Volume 16, Issue 4 ...................... ..........Newsletter of the Finger Lakes Chapter, ACBS.................................... December 2006

page -1


page -3














Did You Know…?

…that - believe it or not - the winner of the Chevy Tahoe raffle at the ACBS Annual Meeting in September was Clayton summer resident and Thousand Islands Chapter member Hannah Potter, the same person who won the ACBS "300 For 300" raffle in 1999? In each of the raffles Hannah bought just one ticket - No. 0024 -- her granddaughter's high school soccer team jersey number (24). In both instances Hannah accepted cash in lieu of a vehicle to help with her grand-children's educations. In 1999, her odds of winning were one in 300. In 2006, her odds of winning were one in 808. Her odds of winning both raffles were one in 242,400! …that the three ACBS chapters that won the prizes for the most Chevy Tahoe Raffle tickets sold were the Payette Chapter (first), Harveys Lake-Northeast Pennsylvania Chapter (second) and Bluegrass Chapter (third)? …that there were more trout boats built on Keuka Lake than on any of the other Finger Lakes? One of those builders was Pilgrim. Area resident, Don Pilgrim, has been contacting relatives, historical societies, and anyone else who may be able to supply information about the boats and his grandfather, the original builder. If you have information on Pilgrim boats, please contact your editor. …that ACBS memberships have passed the 8,000 mark for the first time? …that Erie Basin on the Brooklyn, NY waterfront across from Governor's Island in New York harbor is the historic southern terminus of the old Erie Canal? In the 1800s and early 1900s, canal boats often wintered nearby at piers in lower Manhattan. …that a beautiful new flagpole has been erected on the waterfront at the Antique Boat Museum in Clayton in memory of Eleanor Babcock, Don Babcock's late wife It's the only flagpole on the entire museum campus. …that Brightwork was awarded "Runner-Up Newsletter" for 2006 at this year's ACBS Annual Meeting? The award for "Best Newsletter" for 2006 went to Fore & Aft, the newsletter of the Southern New England Chapter. …

© 2006 USPS. All Rights Reserved.

that next summer the US Postal Service will issue four stamps celebrating vintage mahogany speedboats? The four stamps are designed to "…showcase the polished mahogany and gleaming chrome hardware that characterize the nation's historic wooden motorboats." They will depict: - Frolic, a 1915 Hutchinson Brothers launch. - Dispatch, a 1931 Gar Wood triple cockpit runabout. - Thunderbird, a 1939 Hacker-Craft commuter boat. - Duckers, a 1954 Chris-Craft Racing Runabout.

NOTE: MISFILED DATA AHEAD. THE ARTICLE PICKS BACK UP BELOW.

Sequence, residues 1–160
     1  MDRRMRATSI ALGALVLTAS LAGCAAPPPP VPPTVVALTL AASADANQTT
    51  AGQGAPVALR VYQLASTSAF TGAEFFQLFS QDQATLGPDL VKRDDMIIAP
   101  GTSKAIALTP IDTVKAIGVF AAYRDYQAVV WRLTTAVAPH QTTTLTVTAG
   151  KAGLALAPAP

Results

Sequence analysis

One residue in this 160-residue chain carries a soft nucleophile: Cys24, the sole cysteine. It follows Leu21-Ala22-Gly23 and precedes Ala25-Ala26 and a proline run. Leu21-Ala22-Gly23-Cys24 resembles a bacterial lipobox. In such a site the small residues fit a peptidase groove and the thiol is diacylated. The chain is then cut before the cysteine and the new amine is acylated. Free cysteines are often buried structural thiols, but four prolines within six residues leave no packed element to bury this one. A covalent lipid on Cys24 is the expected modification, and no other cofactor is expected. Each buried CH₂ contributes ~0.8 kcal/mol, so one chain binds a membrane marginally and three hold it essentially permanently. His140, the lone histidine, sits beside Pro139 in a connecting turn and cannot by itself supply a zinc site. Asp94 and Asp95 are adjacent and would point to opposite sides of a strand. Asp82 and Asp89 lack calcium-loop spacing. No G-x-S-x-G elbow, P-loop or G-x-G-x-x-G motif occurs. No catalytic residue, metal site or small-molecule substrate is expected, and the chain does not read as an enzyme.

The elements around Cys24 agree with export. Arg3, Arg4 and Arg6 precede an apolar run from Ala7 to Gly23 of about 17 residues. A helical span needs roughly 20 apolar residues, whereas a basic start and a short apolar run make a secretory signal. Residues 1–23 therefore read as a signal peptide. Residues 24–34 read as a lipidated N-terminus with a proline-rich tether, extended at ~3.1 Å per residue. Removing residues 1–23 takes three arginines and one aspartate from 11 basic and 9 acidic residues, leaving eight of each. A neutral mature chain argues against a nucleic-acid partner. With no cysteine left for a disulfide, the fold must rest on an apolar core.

It's Hard To Let Go...

By FLC VP Jack Gifford

So here I am. Out on the lake and all around me are the glorious colors Mother Nature has on her palate; rusts, yellows, orange-reds and, here and there, a hint of green clinging to the last vestiges of summer. I'm out here because it's my last ride of the season. When I reach the launch, I must, regrettably, load the boat on the trailer and take it in for the annual winterizing ritual and then on to the barn for the winter. Three times I've headed for the launch and, three times I've turned away for one more exhilarating ride across the placid waters in the crisp fall air. Finally, and with a heavy heart, I throttle down and nose the old girl back to the dock. I trudge slowly up the steps to the parking lot and drive the trailer down to load her on for the ride to the barn. On the way home I think how difficult it is to let go of happy times spent on the water, enjoying the pleasure of sparkling lakes and azure blue skies, and just the simple joys of sharing our boating experience with friends and family. So many have thanked me profusely for the rides in the old wooden boat and I tell them, sincerely, that it gives me so much pleasure to share a piece of vintage boating with them. As I drive through the country lanes now covered with brightly colored leaves eddying with the passing of the rig, I think that those who are fortunate enough to have summer cottages must have the same soul-wrenching experience when they must close the old place for the season. After all the chores are done; water turned off, chairs in the shed, docks pulled up and stacked neatly on shore, one can visualize the owners just standing, gazing sadly and seeing, not the shuttered cottage, but happy times with loved ones, smiling and looking down the camp road at arriving guests, remembering the days of cookouts and sun, and splashing with children's laughter echoing across the lake. It must be every bit as difficult for them to turn and walk to the car as it is for those of us taking the last boat ride of the year. One of my good friends said that it is not just closing the cottage. It is another checkmark in life reminding us that there are precious few of those checkmarks to be had and, if we're smart, we will squeeze all the joy we can out of each moment leading up to each one. Every one of us takes something with us from every summer season and, before we become enmeshed in the familiar routines of fall and the approaching holiday season, I think it's nice, and yes a bit melancholy, to reflect on the good times of summer. Hopefully, we have touched a few lives and made a summer day just a little brighter for someone with a smile and a good boating story. It's hard to let go but looking ahead toward next season makes it bearable.